No details on when the new spin on leasing will be more broadly offered.

Getting trucks

Business is booming for leasing and rental providers, as fleets are struggling to secure 2021 build slots for new trucks due to supply shortages.

“Right now, we are doing more three- and six-month extensions than we ever have,” Willey says.

Leasing providers aren’t immune from the challenge of getting new trucks, but they do have the advantage of leveraging their OEM relationships.

“We are feeling the impact like everybody else, but we have a slight advantage being part of the OEM,” Willey explains.

Munson feels the supply chain issues caught some fleets off-guard.

“A lot of customers weren’t aware this was going to happen,” he says. “We’re just now seeing customers really take notice. If you haven’t put orders in at this point in time, you’re going to be left behind for build slots for 2022. Rental utilization is record breaking.”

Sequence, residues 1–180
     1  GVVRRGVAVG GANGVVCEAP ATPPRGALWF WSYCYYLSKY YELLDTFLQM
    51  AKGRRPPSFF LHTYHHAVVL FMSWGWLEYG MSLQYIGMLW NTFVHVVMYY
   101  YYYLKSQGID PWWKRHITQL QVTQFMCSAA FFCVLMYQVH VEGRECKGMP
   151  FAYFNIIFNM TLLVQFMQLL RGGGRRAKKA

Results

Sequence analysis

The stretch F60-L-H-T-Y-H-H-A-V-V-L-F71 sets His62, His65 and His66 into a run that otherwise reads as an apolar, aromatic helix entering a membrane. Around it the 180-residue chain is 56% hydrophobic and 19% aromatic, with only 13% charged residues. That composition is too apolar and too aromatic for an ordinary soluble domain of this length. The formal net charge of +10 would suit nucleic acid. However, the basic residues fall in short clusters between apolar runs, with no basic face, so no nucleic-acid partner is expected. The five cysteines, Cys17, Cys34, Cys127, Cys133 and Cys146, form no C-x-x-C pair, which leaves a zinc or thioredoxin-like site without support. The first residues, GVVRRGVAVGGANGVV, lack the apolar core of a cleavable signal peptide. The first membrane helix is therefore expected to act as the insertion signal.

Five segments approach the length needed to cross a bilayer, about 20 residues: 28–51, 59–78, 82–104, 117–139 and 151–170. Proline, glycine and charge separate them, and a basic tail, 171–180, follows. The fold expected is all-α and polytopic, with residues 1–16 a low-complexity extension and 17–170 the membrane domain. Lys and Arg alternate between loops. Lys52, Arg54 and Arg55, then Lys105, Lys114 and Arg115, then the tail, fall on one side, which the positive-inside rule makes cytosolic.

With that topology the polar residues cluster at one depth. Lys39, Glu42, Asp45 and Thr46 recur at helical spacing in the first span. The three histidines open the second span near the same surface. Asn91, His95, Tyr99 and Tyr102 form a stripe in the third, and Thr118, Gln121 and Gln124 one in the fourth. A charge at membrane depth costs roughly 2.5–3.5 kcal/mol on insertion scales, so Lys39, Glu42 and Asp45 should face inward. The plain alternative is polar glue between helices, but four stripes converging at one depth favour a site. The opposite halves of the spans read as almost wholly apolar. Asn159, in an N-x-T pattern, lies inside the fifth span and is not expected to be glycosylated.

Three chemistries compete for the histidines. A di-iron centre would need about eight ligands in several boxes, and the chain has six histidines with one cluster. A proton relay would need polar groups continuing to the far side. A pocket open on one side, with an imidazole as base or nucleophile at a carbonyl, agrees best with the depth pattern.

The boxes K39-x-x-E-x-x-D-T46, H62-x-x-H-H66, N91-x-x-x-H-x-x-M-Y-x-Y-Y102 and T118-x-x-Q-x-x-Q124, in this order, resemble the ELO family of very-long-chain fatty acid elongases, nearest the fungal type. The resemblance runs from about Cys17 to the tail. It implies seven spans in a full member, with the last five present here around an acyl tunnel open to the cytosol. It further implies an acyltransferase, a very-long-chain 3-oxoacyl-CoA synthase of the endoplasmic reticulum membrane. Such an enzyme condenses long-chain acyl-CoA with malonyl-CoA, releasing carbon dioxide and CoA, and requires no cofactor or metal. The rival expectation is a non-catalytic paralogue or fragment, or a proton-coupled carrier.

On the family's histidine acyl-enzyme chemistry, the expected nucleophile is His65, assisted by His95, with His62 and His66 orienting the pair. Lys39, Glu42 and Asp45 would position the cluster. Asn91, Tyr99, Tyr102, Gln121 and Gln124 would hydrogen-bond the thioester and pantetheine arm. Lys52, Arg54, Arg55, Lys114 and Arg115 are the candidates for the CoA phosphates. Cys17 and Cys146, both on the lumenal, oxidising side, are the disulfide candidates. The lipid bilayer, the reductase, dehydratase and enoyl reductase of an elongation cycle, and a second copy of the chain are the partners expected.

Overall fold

Idealease takes a strategic approach to securing build slots with its OEM partner Navistar, Munson says.

“We’ve been able to still have build slots available to us,” he says, adding Rush Truck Centres was also able to pre-order trucks when it became apparent to its strategic management team that demand would outstrip supply. “We are in really good standing at this point in time.”

Fairey says Ryder has the added benefit of managing relationships with several truck OEMs.

“Due to the scope of our organization and how we order, there are some economies of scale there that help us and help our customers,” he says about Ryder’s ability to secure build slots.

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James Menzies is editorial director of Today's Trucking and He has been covering the Canadian trucking industry for more than 24 years and holds a CDL. Reach him at or follow him on Twitter at @JamesMenzies.